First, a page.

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Title: System Adequacy, Investment and Risk


1

CERTS, Cornell University, 10/8/06
  • System Adequacy, Investment and Risk
  • Tim Mount
  • Applied Economics and Management
  • Cornell University
  • tdm2_at_cornell.edu

2
OUTLINE
  • Conclusions from Testing Market Designs
  • Co-Optimization in Markets for Energy and
    Reserve Capacity.
  • Joint Markets for Energy and Reactive Power
    (VArs).
  • Power Transfers and the Cost of Meeting Native
    Load.
  • Paying for Reliability Theory and Practice
  • Energy-only Markets versus Energy plus Capacity
    Markets.
  • Locational Capacity Markets in New York State.
  • Forward Capacity Markets in New England.
  • Paying for Reliability Proposal for Future
    Research
  • Who should be Responsible for Investment
    Decisions?
  • Limitations of the Current Structure of the
    Electric Utility System.
  • Challenges for future research.

3
PART 1
Testing Market Designs
  • References on ltwww.e3rg.pserc.cornell.comgt
  • Mount, Timothy D. and Surin Maneevitjit
  • Paying for Reliability in Deregulated
    Electricity Markets
  • 25th Annual Eastern Conference, Rutgers CRRI,
    May, 2006
  • Mount, Timothy D., Steen Videbaek and Ray D.
    Zimmerman
  • Testing Alternative Market Designs for Energy
    and VArs in a Deregulated Electricity Market
  • 25th Annual Eastern Conference, Rutgers CRRI,
    May, 2006
  • Mount, Timothy D. and Robert J. Thomas
  • Testing the Effects of Power Transfers on
    Market Performance and the Implications for
    Transmission Planning,
  • Proceedings of the IEEE PES Conference, June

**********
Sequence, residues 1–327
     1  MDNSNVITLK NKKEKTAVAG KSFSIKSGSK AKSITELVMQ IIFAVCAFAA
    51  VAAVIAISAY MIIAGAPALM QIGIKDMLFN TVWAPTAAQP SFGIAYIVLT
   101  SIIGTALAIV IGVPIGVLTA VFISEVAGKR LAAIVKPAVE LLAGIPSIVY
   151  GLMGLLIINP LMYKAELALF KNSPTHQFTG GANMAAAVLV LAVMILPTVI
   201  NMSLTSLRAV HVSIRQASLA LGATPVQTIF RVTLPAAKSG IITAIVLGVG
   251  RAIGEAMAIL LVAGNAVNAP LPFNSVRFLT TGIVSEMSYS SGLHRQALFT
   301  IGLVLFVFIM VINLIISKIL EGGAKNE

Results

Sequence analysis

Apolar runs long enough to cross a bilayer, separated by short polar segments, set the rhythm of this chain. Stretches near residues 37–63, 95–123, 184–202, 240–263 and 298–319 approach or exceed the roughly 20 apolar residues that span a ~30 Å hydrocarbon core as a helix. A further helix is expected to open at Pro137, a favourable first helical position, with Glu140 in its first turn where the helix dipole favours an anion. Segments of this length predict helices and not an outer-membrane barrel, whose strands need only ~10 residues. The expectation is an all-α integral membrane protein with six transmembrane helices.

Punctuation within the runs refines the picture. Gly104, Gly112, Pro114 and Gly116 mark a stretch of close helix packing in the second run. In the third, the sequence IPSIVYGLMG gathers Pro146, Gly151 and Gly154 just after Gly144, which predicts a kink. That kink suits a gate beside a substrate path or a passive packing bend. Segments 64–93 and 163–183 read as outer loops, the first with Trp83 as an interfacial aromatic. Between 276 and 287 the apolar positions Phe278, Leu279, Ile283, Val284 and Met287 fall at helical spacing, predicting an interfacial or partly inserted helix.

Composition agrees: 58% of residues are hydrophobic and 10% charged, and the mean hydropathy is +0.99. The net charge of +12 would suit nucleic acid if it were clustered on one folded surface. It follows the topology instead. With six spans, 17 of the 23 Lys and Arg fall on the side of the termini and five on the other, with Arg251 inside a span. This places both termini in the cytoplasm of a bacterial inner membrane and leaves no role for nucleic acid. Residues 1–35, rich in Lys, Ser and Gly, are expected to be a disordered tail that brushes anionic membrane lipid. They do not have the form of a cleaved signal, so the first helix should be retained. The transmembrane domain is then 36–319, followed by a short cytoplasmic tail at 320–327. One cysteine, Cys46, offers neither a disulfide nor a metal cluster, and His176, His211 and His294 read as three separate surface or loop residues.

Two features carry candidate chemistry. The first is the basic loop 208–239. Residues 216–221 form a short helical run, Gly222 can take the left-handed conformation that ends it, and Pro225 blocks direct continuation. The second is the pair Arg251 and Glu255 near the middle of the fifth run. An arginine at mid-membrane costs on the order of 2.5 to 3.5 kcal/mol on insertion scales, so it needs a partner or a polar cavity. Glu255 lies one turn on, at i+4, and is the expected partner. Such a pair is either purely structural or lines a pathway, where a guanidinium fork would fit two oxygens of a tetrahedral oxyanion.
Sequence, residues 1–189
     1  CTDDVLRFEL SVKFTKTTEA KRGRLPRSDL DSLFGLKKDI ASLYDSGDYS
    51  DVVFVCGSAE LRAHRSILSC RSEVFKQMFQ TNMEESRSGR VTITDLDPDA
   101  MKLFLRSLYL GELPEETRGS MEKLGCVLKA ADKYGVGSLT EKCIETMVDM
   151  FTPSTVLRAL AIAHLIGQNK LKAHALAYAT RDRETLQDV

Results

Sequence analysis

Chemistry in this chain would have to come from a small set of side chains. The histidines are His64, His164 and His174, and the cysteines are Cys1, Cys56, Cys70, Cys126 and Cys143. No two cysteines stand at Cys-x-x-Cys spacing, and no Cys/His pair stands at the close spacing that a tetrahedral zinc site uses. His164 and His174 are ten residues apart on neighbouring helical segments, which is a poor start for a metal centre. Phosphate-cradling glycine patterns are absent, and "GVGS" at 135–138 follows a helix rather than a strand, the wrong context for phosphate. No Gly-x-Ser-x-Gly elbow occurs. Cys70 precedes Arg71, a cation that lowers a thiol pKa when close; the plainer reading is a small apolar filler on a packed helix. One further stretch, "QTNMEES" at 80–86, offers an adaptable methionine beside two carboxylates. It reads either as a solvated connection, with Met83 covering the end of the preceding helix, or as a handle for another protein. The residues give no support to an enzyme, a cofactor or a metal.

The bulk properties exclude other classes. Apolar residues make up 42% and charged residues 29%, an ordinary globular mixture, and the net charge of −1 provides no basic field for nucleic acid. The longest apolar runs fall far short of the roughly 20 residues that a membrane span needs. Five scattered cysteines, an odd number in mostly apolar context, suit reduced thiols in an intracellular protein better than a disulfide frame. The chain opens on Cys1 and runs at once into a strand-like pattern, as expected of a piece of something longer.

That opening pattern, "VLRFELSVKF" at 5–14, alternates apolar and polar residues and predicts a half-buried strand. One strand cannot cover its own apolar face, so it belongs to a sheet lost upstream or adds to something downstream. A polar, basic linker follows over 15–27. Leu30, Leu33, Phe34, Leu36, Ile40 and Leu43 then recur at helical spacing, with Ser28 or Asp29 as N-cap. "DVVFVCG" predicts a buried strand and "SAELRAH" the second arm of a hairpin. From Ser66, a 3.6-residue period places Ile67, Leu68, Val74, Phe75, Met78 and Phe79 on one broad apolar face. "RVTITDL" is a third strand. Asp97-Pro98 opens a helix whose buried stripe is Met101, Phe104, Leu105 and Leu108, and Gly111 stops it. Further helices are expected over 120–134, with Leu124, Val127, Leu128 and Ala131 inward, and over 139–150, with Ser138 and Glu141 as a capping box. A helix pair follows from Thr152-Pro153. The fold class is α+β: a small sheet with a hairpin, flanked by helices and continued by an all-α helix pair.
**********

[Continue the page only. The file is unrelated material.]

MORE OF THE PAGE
2006.

4
Testing Markets for Energy and Reserves 1.
PowerWeb AC Network
Region A Competitive
Region B Load Pocket
Reserve req40MW
17
18
Total Reserve req 60 MW
5
Testing Markets for Energy and Reserves 2. The
Markets Tested
  • PowerWeb Network has two Regions
  • Region A Competitive
  • 4 firms --- marginal cost offers submitted by
    software agents
  • Region B Load Pocket caused by limited
    transmission capacity
  • 2 firms --- price/quantity offers submitted by
    students
  • Three markets were tested
  • Test I Joint Market with Fixed Locational
    Reserves (JMwFR),
  • The current market structure used in New York
    State Test II Joint Market with Responsive
    Reserves (JMwRR),
  • Co-Optimization for an explicit set of
    Contingencies
  • Test III Integrated Market with Responsive
    Reserves (IMwRR)
  • Co-Optimization and pay the Opportunity Cost
    for Reserves plus a Make-Whole Startup Cost

6
Testing Markets for Energy and Reserves 3.
Average Price Paid to Meet System Load
Test I (JMwFR), Test II (JMwRR) and Test III
(IMwRR)
7
Testing Markets for Energy and Reserves 4.
Analysis of Earnings/Firm
  • Average Earnings for Two Firms in the Load Pocket
  • Test I Joint Market with Fixed Locational
    Reserves
  • Inelastic demand for both energy and reserve
    capacity
  • More than 50 of earnings come from providing
    reserve capacity, particularly from peaking units
    --- reserve market is easy to exploit
  • Test II Joint Market with Responsive Reserves
  • Effects of market power are partially mitigated
    by substitution between energy and reserve
    capacity
  • More capacity withheld from the market due to the
    downward pressure on earnings/firm
  • Earnings from reserve capacity drop substantially
    to 15 for base load units and 45 for peaking
    units
  • Test III Integrated Market with Responsive
    Reserves
  • Opportunity cost payments for reserve capacity
    are zero, implying that reserve capacity is
    free
  • Startup costs are the dominant source of
    earnings, 80 for base load units and 95 for
    peaking units
  • Withholding capacity is no longer a major problem

8
Testing Markets for Energy and Reserves 5.
Conclusions
  • Using Responsive Reserves (Co-Optimization) is an
    effective way to make the market more competitive
    and reduce the average price paid to meet system
    load compared to Fixed Locational Reserves.
  • Paying the the Opportunity Cost for reserves
    using co-optimization is even more effective
    because speculating in the energy auction is
    punished by lower opportunity costs for
    reserves.
  • BUT there is an underlying incompatibility
    between getting low prices and maintaining system